Hundreds arrested in massive global crime sting
Law enforcement agencies say they have arrested hundreds of criminals around the world in a three-year operation, using a secure messaging app run by the American FBI.
The operation, jointly conceived by Australia and the FBI, saw the app ANOM secretly distributed among criminals, allowing police to monitor their conversations without their knowledge.
It has led to arrests in 18 countries.
They include suspects linked to the mafia and organised criminal groups.
Drugs, weapons and cash have also been seized.
Australia said it had arrested 224 people as a result of the operation, and had acted on 20 “threats to kill”, potentially saving the lives of a “significant number of innocent bystanders”.
The country’s prime minister called the sting a “watershed” operation that had hit criminal gangs globally.
“[It] has struck a heavy blow against organised crime – not just in this country, but one that will echo around organised crime around the world,” Scott Morrison said in a press conference.
New Zealand, which detained 35 people, called the operation the “world’s most sophisticated law enforcement action against organised crime to date”.
The FBI and Europol will present more details later on Tuesday.
How did ANOM work?
New Zealand police said that after the FBI had dismantled two other encryption services, it began operating its own encrypted device company called ANOM.
Devices with the chat app were distributed in the criminal underworld.
Australian police said the devices were initially used by alleged senior crime figures, giving other criminals the confidence to use the platform.
Fugitive Australian drug trafficker Hakan Ayik was key to the sting, having unwittingly recommended the app to criminal associates after being given a handset by undercover officers, they said.
“You had to know a criminal to get hold of one of these customised phones. The phones couldn’t ring or email. You could only communicate with someone on the same platform,” the police explained.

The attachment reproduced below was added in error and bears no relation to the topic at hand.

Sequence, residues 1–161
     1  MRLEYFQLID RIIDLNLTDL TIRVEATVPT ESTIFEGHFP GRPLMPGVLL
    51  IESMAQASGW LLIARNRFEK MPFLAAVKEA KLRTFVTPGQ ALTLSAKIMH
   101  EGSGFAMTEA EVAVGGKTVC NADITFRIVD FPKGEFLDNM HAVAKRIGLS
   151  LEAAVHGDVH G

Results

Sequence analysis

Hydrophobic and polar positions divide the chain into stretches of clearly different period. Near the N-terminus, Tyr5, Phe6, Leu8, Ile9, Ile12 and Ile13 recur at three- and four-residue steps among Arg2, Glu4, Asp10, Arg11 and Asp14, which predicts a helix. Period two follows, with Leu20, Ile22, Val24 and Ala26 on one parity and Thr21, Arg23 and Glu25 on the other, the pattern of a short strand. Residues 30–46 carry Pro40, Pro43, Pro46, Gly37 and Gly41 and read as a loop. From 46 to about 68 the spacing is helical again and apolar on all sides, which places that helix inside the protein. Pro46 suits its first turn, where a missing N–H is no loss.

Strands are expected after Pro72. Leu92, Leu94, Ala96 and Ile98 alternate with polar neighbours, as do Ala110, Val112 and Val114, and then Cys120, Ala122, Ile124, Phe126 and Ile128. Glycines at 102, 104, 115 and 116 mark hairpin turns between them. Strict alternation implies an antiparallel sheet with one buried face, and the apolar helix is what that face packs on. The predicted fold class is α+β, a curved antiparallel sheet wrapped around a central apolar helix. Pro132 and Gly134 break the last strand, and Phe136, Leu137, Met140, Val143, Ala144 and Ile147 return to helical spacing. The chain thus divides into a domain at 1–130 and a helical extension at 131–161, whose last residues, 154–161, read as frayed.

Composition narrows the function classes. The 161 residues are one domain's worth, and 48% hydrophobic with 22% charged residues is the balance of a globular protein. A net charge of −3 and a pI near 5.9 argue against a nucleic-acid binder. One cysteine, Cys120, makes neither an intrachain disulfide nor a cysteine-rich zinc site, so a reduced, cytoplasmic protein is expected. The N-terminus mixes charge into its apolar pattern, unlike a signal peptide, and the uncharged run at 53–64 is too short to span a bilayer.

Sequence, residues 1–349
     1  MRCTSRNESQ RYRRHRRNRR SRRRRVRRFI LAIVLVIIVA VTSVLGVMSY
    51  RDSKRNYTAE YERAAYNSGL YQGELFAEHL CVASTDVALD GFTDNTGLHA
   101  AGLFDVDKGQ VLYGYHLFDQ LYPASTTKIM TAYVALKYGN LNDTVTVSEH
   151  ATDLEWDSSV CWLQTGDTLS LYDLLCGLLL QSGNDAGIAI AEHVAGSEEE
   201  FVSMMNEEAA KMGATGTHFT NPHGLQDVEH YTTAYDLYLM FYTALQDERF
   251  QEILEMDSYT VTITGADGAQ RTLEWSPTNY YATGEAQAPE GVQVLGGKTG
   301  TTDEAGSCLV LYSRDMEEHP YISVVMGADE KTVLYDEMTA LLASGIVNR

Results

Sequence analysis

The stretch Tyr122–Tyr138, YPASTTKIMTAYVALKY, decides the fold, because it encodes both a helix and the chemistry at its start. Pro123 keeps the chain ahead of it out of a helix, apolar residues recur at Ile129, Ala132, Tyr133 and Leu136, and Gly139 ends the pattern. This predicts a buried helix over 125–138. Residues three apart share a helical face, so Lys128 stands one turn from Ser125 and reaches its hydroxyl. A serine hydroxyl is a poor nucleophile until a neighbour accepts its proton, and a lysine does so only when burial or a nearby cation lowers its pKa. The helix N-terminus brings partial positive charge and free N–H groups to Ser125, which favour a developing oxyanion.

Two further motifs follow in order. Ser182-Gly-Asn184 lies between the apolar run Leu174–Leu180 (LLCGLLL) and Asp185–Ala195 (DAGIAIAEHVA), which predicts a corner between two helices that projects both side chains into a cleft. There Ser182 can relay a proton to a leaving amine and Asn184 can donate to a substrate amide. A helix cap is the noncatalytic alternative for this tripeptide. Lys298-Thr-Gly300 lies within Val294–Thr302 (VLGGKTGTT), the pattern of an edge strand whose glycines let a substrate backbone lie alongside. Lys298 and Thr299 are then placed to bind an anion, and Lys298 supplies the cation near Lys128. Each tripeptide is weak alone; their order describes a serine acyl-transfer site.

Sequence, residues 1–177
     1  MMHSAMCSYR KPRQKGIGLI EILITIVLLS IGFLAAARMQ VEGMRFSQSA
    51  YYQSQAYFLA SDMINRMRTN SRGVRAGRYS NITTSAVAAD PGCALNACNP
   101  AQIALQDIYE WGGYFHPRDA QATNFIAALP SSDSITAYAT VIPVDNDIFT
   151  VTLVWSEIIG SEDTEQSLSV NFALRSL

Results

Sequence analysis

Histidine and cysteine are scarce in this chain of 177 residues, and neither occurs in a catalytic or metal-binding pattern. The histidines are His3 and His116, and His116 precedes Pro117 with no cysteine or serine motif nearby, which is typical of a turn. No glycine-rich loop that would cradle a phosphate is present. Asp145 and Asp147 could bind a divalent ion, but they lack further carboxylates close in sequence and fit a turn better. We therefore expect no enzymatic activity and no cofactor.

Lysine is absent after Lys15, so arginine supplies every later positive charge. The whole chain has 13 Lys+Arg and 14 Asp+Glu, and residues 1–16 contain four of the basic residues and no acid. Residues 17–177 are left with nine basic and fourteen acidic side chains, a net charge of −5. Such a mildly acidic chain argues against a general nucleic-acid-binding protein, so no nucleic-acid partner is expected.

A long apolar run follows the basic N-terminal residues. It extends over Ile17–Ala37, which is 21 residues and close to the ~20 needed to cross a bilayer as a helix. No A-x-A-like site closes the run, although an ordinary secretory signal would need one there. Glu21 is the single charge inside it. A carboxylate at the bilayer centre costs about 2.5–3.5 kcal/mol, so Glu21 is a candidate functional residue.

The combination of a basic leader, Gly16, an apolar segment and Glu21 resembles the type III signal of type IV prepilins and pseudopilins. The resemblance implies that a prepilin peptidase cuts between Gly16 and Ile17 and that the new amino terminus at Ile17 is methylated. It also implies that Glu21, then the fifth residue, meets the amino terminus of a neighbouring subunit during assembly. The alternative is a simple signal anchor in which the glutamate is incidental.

Officers were able to read millions of messages in “real time” describing murder plots, mass drug import plans and other schemes.
“All they talk about is drugs, violence, hits on each other, innocent people who are going to be murdered, a whole range of things,” said Australian Federal Police commissioner Reece Kershaw.
Commissioner Kershaw said Ayik was a marked man and should turn himself in.
What did the authorities uncover?
Commissioner Kershaw said that in Australia, police had been able to intercept drug operations and prevent incidents such as mass shootings.
The more than 200 arrests in the country included members of outlaw motorcycle gangs, Australian mafia groups, Asian crime syndicates and serious and organised crime groups.
Australian police have also seized three tonnes of drugs and A$45m (£25m; $35m) in cash and assets.
Authorities said their sting, which they called Operation Ironside, was the nation’s largest police operation and involved 4,000 police officers.
Some 9,000 police officers were involved worldwide.
“Knocking out their communications has been a key part of us disrupting the organised crime,” Commissioner Kershaw said.
He said the app access had given law enforcement “an edge that it had never had before”, but added the platform was just one of many messaging apps favoured by organised crime gangs.
New Zealand police called their sting Operation Trojan Shield. They said they had laid more than 900 charges in relation to the 35 people arrested.
About NZ$3.7m (£1.9m, $2.7m) of assets were seized.
“We believe the termination of these operations will have a significant impact on New Zealand’s organised crime scene,” National Organised Crime Group Director Detective Superintendent Greg Williams said.